Danny the Champion of the World

( 74 )

Overview

Danny’s life seems perfect: his home is a gypsy caravan, he’s the youngest car mechanic around, and his best friend is his dad, who never runs out of wonderful stories to tell. And when Danny discovers his father’s secret, he’s off on the adventure of a lifetime. Here’s Roald Dahl’s famous story about a 9-year-old boy, his dad, and a daring and hilarious pheasant-snatching expedition. Just as important, it’s the story of the love between a boy and his father who, in Danny’s own ...
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Overview

Danny’s life seems perfect: his home is a gypsy caravan, he’s the youngest car mechanic around, and his best friend is his dad, who never runs out of wonderful stories to tell. And when Danny discovers his father’s secret, he’s off on the adventure of a lifetime. Here’s Roald Dahl’s famous story about a 9-year-old boy, his dad, and a daring and hilarious pheasant-snatching expedition. Just as important, it’s the story of the love between a boy and his father who, in Danny’s own words, is “the most marvelous and exciting father a boy ever had.”

A young English boy describes his relationship with his father and the special adventure they share together.

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Editorial Reviews

Children's Literature
Roald Dahl is known for creating stories that are completely unrealistic (and almost immoral) but tremendously funny. This book is no different. Danny is the only son of a car mechanic who lives in a gypsy caravan behind his garage. One evening, Danny wakes up to find his father missing. Hours later he returns and confesses his secret that Danny comes from a long line of pheasant poachers. Poaching is apparently a noble profession practiced by most of the citizens in the community (including the sole police officer), except for the owner of woods where the pheasants live. The owner, Mr. Hazell is a vile, selfish man, thus justifying the illegal activity that takes place in his woods. In this setting the story celebrates the bond between a father and his son. Through all the bizarreness of the story, the poaching methods and revenge tactics, it is the relationship between Danny and his father that remains at the heart of the story. If you are looking for a story with a moral, this is not it. But if you are looking for a sweet and funny fable, this is a wonderful example of storytelling. 2002 (orig. 1975), Random House,
— Heather Robertson
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Product Details

  • ISBN-13: 9780142410332
  • Publisher: Penguin Young Readers Group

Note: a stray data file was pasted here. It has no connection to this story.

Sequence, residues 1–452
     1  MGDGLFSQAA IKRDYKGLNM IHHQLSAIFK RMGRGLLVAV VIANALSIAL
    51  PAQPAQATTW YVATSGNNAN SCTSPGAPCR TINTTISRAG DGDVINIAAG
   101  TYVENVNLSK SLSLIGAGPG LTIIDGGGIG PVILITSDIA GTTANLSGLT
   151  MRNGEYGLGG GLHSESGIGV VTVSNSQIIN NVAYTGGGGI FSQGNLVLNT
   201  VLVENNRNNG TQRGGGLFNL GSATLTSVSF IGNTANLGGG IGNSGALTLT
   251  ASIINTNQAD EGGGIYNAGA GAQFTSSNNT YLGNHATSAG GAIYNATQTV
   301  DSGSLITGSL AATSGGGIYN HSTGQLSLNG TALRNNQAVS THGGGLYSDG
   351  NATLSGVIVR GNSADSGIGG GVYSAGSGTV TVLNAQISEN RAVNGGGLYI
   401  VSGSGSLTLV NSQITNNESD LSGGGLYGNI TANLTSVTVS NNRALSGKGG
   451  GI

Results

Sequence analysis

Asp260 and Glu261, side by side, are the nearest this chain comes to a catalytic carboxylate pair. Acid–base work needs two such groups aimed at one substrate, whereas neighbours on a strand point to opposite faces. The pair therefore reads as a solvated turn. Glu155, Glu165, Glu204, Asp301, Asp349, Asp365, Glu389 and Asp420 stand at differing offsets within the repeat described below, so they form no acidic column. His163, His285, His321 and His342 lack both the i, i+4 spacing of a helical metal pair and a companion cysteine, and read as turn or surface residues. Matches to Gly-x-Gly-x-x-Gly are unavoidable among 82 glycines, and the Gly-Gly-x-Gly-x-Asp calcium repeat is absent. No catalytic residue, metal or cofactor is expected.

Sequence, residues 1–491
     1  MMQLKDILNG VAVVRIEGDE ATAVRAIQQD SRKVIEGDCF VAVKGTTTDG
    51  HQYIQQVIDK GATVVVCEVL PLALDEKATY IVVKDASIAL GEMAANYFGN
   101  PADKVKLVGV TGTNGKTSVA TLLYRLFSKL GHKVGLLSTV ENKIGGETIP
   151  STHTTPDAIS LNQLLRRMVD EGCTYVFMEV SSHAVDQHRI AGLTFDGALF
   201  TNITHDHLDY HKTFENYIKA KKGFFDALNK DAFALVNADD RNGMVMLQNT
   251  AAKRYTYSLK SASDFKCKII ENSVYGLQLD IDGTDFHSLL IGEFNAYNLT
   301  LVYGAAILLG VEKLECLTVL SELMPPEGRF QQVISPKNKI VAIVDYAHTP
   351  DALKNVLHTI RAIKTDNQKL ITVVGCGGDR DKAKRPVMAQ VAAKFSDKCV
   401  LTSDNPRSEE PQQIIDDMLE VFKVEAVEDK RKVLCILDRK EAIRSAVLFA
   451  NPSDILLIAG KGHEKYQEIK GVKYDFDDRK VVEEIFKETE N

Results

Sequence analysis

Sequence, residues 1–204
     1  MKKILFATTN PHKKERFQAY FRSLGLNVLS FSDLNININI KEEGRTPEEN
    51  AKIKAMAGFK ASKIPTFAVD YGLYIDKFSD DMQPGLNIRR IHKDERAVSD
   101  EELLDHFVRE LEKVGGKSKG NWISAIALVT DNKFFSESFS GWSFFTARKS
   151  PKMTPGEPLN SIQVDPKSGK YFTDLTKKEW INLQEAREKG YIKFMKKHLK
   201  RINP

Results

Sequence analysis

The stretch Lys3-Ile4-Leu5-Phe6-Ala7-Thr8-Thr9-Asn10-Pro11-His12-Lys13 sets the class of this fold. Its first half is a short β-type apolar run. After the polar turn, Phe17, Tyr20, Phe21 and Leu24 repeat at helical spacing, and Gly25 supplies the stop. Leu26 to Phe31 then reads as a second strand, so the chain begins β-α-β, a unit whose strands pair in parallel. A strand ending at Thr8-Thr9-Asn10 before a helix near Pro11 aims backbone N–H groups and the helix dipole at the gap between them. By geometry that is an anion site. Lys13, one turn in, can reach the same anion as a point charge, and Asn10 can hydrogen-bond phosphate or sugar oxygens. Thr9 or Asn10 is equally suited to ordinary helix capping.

• Publication date: 8/16/2007
  • Edition description: Reprint
  • Pages: 224
  • Sales rank: 57,767
  • Age range: 7 - 12 Years
  • Product dimensions: 5.07 (w) x 7.78 (h) x 0.61 (d)

Meet the Author


Roald Dahl (1916-1990) was born in Wales of Norwegian parents. He spent his childhood in England and, at age eighteen, went to work for the Shell Oil Company in Africa. When World War II broke out, he joined the Royal Air Force and became a fighter pilot. At the age of twenty-six he moved to Washington, D.C., and it was there he began to write. His first short story, which recounted his adventures in the war, was bought by The Saturday Evening Post, and so began a long and illustrious career.

After establishing himself as a writer for adults, Roald Dahl began writing children’s stories in 1960 while living in England with his family. His first stories were written as entertainment for his own children, to whom many of his books are dedicated.

Roald Dahl is now considered one of the most beloved storytellers of our time. Although he passed away in 1990, his popularity continues to increase as his fantastic novels, including James and the Giant Peach, Matilda, The BFG, and Charlie and the Chocolate Factory, delight an ever-growing legion of fans.

Learn more about Roald Dahl on the official Roald Dahl Web site: www.roalddahl.com

Quentin Blake is a well-known artist whose work has made him popular on both sides of the Atlantic. He has illustrated most of Roald Dahl’s children’s books as well as many others. He lives in London, where he teaches illustration at the Royal College of Art.

Biography

"I have never met a boy who so persistently writes the exact opposite of what he means," a teacher once wrote in the young Roald Dahl's report card. "He seems incapable of marshaling his thoughts on paper." From such inauspicious beginnings emerged an immensely successful author whom The Evening Standard would one day dub "one of the greatest children's writers of all time."